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Preschool- Yes or No?

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10 Things to Look For In A Preschool

My oldest daughter turns three in just a few months, but the questions about whether or not my husband and I plan to send her to preschool have been rolling in for almost a year now. Back then when the questions started, we would always cite time as the reason why we hadn’t thought about the prospect of preschool. “Oh, she’s just two,” we’d say, adding quickly that we would start looking more seriously when she approached three.

But then two and a half came and went and we did start looking, but because most of the preschools we were interested in were more money than we could afford, we put it off.

Now that she is three, I would say that most of her playmates are in some form of preschool for either part or all of the day. Their parents, who are both working or with one parent at home, pay between $1,000 a month to $2,500 a month. We can’t afford the expense of “that” kind of preschool right now.  But we want the quality of “that” kind of preschool. So we’ve been looking at the most reasonable alternative.


I’ve been thinking about using an online preschool curriculum to teach her at home. This sounds like a bit of a stretch for me, considering I also have a one-year old at home, but I think I can do it. In fact, I know I can do it. So that isn’t the problem.

The problem is that whenever some parent tells me their child is in preschool, I always begin to feel a tinge of doubt. I guess, for me, at least in my area, where your child is going to preschool is like a badge of honor that seems to scream of the financial devotion to ensuring that your children are receiving the best that our state has to offer. Or maybe this is all in my head, manifesting itself in questions like:

“Am I making the right decision keeping her at home?”

“Should I suck it up and just pay for her to go somewhere just for the sake of me being able to say that she is going somewhere?”

I know the answers to these questions, of course. I know that trying to keep up with the Joneses is dumb and that instead I should just focus on how great of a job I am doing with her at home and just keep up with that. I know this, so that’s what I’ve been aiming to do. For now, my toddler is not in preschool, but she’s learning lots at home. For now, this is enough.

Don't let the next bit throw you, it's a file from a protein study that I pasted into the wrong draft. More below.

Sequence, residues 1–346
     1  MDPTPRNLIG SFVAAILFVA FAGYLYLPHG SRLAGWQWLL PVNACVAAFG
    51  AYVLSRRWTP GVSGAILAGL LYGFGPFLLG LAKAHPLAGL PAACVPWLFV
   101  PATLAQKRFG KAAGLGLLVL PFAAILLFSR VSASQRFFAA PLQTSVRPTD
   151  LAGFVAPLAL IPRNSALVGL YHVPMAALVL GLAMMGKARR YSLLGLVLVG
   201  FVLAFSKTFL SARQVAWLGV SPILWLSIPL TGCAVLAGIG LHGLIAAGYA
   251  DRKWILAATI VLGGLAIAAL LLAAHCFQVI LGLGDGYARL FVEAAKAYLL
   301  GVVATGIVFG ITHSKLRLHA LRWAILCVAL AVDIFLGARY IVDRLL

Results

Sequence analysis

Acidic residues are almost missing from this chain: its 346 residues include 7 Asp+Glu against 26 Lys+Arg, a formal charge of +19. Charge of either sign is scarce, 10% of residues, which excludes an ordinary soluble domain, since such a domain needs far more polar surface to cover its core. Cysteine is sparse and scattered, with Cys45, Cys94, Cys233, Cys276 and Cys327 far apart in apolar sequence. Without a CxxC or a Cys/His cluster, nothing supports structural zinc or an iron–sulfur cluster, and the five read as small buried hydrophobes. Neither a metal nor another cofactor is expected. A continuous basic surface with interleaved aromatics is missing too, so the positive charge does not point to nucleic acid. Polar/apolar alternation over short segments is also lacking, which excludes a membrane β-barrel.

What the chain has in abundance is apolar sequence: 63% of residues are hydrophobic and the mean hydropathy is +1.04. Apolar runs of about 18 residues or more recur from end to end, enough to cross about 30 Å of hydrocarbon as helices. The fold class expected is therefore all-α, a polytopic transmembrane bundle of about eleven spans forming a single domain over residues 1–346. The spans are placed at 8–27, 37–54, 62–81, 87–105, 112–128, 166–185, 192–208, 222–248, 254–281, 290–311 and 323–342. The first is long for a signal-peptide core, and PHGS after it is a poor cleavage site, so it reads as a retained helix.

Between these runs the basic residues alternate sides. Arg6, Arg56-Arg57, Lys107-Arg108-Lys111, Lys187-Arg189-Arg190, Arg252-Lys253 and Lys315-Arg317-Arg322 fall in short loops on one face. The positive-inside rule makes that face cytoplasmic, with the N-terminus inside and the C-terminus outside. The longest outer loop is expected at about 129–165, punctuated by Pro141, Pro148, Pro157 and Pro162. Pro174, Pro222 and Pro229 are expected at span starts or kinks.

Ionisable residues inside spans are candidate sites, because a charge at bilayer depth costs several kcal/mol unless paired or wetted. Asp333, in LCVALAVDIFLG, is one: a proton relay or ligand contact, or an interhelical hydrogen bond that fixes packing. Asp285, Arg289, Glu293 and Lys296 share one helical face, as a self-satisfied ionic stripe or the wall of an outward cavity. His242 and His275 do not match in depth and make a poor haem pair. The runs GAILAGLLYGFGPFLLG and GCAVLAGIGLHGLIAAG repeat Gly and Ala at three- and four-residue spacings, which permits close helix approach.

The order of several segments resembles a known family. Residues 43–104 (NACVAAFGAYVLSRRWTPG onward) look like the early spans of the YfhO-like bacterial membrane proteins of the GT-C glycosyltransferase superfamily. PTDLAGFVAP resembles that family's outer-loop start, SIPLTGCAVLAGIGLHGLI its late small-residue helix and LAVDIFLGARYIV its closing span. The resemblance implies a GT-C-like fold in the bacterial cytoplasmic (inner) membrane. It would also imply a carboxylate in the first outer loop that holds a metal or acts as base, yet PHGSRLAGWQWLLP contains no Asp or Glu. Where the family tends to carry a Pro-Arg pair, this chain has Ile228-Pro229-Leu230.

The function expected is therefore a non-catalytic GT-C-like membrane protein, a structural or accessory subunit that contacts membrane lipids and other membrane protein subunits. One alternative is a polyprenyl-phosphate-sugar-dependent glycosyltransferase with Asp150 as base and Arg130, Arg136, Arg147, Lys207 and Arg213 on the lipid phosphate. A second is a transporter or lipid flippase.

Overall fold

Did your toddler attend preschool? If so, at what age?

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Sunday 18th of November 2012

The Listening Room is a great resource for activities that foster language development. They have a variety of activities with great explanations that you can print and make yourself. While they are geared towards kids with hearing loss, the activities are developed by a speech language pathologist and target a wide range of language skills that all young children need to develop.


Friday 16th of November 2012

In my opinion, a "play" school is exactly (and all) a pre-school should be for those younger than 4. After all, there is so much research on the benefits of play for our children. Play is their work :) I work part-time from home and send my 2 1/2 year old to a childcare (which is also a state mandated pre-school) two full days a week. My younger child (7 mos) will go one day a week for now and two days after she turns one. But, before I started working I sent my 2 year old to a preschool on Tues/Thurs mornings for $310/month (I live in the DC metro area.) Totally worth it! She loves her teachers and her classmates and they provide her with certain things I cannot. Still, I think we all do our best and what we think is best for our children.


Friday 16th of November 2012

I didn't think we'd put our daughter in preschool but she started getting bored. Her behavior was so challenging simply because we were not stimulating her enough. And I knew that I didn't want to homeschool. Fortunately, there's a church in our area with a great preschool program for only $60 per month. We couldn't afford anything else. She is doing so well there and is much easier to deal with. Every time we take her to preschool we are so happy that she is going.


Friday 16th of November 2012

My daughter is turning 3 on Sunday. I work for our county office of education which serves students with special needs. One of our preschool teachers who works with students with autism is going to take her two mornings a week so my daughter can be exposed to pre-school and be around students with different abilities but she will also be a peer model for appropriate behavior (I hope!). She loves being around other kids, which we get right now at the free library story time and stay and play and at the park. I think I will send her to a Montessori/language immersion program part-time next year.


Friday 16th of November 2012

I think it's important to know what you want to get out of preschool, what your kid needs, and what you have to give. My kid is hyper-social; he is so much better behaved now that he goes to preschool; he's not constantly up my butt, he can focus for longer, he sleeps better. Me staying home would not have provided him with what he needs because I am much more introverted and find that kind of intensive group interaction exhausting and anxiety-inducing. (Plus, we're in a place we can afford it.) So anyway, my point was that there is no "right way", just the "right way" for your situation. The only thing I don't love about preschool is all the germs the little petri dish brings home, but every parent has to cross that bridge at some point.

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